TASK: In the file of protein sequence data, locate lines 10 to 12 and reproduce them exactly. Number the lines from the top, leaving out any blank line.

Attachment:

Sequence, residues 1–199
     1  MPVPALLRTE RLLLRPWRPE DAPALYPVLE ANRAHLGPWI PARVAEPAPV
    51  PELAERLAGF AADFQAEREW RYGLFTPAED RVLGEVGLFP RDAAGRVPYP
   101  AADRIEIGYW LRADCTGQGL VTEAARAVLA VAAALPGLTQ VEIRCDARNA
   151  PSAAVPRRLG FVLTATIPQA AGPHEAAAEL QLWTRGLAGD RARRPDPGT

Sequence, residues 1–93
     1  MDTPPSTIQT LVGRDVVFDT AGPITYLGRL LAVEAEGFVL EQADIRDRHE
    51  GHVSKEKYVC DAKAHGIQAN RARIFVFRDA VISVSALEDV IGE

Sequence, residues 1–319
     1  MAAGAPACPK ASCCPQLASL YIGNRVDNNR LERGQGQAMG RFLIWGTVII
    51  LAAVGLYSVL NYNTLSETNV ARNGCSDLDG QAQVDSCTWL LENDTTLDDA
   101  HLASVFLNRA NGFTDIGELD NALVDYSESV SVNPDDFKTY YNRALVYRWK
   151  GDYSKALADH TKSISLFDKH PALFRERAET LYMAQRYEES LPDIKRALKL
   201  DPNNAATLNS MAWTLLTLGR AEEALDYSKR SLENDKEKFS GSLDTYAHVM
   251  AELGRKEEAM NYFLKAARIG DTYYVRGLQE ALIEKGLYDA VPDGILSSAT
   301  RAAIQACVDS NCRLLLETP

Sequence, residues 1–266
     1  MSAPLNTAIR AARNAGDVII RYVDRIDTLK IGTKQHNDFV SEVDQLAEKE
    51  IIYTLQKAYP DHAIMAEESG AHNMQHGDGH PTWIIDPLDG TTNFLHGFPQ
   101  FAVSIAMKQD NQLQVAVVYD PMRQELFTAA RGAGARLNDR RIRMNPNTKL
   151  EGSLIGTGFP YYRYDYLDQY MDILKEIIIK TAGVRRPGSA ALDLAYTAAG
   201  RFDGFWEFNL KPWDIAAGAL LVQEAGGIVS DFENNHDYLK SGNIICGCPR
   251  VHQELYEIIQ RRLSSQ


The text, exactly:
     1  MAAGAPACPK ASCCPQLASL YIGNRVDNNR LERGQGQAMG RFLIWGTVII
    51  LAAVGLYSVL NYNTLSETNV ARNGCSDLDG QAQVDSCTWL LENDTTLDDA
   101  HLASVFLNRA NGFTDIGELD NALVDYSESV SVNPDDFKTY YNRALVYRWK